Kaibab National Forest leads partner effort to bring critical geographic data to Arizona
Release Date: Sep 17, 2018
Contact(s): Jackie Banks, 928-635-8314
Employees with the Kaibab National Forest led the recent effort to unify a diverse group of partners for the first-ever Arizona LiDAR symposium, which was held Aug. 15 in Flagstaff. Organizers strived and succeeded in bringing together government agencies, nonprofits, universities and other organizations to begin to collaboratively fund the collection of this critical geographic data and guide its ultimate use in projects and partnerships statewide.
LiDAR, which stands for Light Detection and Ranging, is a remote sensing method used to examine the surface of the Earth. Specifically, it uses light in the form of a pulsed laser to measure variable distances to the Earth. These light pulses, combined with other data recorded by the airborne system, generate precise, three-dimensional information about the shape of the planet and its surface characteristics.
This highly accurate elevation data allows scientists and mapping professionals to examine both natural and man-made environments with precision and flexibility. Specialists can use this data to measure everything from trees and agricultural fields to buildings and transportation systems. Within the Forest Service, LiDAR data allows specialists to map roads and streams, model wildlife habitats, and chart the impact of fire on the landscape, as examples.
“LiDAR is base data that can help almost every aspect of forest operations as well as programs and projects across Arizona because it provides a complete picture of the landscape,” said Mark Christiano, GIS coordinator for the Kaibab National Forest and one of the lead organizers of the LiDAR symposium. “Ultimately, LiDAR can save lives. This data is critical in planning for natural disasters, such as wildfires and floods, and in creating better maps for search and rescue and other emergency response operations. It has a huge range of applications, making it a critical resource for many agencies and organizations, including the Forest Service.”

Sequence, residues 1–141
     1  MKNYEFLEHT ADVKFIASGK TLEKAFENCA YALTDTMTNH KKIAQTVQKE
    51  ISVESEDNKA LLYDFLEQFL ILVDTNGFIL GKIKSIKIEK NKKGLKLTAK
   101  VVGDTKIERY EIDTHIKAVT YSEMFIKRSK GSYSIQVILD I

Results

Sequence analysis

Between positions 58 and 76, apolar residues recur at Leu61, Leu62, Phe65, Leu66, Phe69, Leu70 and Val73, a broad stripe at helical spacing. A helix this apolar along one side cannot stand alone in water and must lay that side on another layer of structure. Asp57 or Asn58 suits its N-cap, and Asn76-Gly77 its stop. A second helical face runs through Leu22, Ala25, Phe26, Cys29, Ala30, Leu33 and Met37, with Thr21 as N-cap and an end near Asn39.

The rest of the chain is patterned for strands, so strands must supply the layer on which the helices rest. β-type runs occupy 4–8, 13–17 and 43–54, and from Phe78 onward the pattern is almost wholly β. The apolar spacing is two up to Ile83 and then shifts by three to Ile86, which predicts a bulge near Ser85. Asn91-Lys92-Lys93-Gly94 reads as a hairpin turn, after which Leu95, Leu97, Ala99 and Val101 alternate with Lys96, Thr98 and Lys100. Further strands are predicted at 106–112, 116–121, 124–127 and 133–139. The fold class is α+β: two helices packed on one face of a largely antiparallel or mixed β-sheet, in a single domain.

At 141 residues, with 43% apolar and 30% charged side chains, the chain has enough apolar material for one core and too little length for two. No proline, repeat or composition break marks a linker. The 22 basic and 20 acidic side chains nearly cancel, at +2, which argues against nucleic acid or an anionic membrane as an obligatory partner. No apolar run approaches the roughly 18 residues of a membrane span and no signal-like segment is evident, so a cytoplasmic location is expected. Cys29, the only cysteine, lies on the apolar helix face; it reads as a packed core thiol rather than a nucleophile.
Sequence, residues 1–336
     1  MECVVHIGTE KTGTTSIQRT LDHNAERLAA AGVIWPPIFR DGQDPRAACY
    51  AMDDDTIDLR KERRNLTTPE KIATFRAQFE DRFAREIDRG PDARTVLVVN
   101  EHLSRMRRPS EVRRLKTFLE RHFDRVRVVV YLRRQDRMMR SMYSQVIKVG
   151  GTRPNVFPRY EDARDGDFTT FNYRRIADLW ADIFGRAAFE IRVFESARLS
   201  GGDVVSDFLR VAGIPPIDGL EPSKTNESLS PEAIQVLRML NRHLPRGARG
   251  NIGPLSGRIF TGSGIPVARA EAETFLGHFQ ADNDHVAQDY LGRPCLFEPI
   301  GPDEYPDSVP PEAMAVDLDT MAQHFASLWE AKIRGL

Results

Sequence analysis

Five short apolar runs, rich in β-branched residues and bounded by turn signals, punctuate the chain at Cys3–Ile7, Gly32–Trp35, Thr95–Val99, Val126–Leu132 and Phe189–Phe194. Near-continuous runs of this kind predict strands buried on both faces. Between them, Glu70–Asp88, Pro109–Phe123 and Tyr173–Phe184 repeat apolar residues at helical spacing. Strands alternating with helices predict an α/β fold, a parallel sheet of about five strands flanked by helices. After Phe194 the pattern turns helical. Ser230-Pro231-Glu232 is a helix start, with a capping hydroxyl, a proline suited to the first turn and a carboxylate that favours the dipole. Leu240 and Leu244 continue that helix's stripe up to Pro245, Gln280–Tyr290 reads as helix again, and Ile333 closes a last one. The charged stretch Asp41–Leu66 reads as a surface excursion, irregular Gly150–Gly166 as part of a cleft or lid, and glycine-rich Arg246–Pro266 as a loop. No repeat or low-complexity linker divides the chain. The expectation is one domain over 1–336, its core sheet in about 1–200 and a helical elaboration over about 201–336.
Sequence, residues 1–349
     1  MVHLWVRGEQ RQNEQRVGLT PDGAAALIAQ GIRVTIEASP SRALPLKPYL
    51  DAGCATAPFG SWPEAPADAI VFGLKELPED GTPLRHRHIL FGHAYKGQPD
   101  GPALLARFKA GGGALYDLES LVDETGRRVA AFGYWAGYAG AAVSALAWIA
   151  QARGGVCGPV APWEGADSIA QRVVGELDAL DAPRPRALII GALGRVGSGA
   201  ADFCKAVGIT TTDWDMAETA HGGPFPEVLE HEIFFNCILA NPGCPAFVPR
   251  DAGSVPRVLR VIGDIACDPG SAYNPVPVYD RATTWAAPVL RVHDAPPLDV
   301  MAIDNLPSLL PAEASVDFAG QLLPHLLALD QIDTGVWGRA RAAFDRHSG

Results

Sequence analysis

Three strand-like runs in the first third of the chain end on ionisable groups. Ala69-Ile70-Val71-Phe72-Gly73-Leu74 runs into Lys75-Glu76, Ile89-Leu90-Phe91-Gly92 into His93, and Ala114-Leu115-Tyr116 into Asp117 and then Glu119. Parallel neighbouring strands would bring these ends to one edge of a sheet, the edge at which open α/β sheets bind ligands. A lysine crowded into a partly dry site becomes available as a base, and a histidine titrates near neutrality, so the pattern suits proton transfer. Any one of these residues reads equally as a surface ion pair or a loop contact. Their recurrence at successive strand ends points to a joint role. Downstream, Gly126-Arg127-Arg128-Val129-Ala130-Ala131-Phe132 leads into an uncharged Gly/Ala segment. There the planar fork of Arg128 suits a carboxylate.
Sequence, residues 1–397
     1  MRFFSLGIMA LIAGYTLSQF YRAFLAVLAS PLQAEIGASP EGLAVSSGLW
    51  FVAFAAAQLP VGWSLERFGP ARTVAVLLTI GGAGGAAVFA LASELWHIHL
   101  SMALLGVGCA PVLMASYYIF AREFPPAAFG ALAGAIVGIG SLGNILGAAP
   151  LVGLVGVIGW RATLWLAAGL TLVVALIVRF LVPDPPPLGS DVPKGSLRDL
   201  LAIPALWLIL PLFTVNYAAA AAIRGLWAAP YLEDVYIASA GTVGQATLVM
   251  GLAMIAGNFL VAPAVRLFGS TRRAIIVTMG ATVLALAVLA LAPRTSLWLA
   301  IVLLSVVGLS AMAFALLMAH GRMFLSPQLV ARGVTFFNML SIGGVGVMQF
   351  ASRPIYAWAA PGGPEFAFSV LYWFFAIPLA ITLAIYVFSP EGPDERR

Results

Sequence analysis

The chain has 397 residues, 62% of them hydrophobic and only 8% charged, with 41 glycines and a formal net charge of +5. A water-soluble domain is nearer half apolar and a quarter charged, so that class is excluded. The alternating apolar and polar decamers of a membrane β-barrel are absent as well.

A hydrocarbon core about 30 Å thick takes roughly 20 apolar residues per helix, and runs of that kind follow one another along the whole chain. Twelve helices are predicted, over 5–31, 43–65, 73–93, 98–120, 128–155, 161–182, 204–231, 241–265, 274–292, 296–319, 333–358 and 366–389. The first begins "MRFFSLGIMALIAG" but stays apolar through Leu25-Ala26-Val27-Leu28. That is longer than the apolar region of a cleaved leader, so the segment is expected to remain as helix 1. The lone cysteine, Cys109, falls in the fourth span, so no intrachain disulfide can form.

Currently, there is little LiDAR data available in the state of Arizona. To address this issue, the Arizona Geographic Information Council created a work group focused on the goal of facilitating the collection of LiDAR. It was as part of this work group that Christiano, along with Jenna Straface, senior GIS analyst for the Arizona State Land Department, developed the concept of hosting a symposium to bring together potential partners interested in this valuable geographic data.
More than 60 attendees participated in the August LiDAR symposium, representing federal, state and local government agencies; nonprofits; universities; research organizations; and, private corporations. A cadre of LiDAR experts provided information on everything from the basics of what LiDAR is and its many applications to more complex topics such as specific industry uses and best practices in LiDAR acquisition. The symposium, which was held at Northern Arizona University, also gave participants the opportunity to network with other industries and organizations and strategize about future partnerships.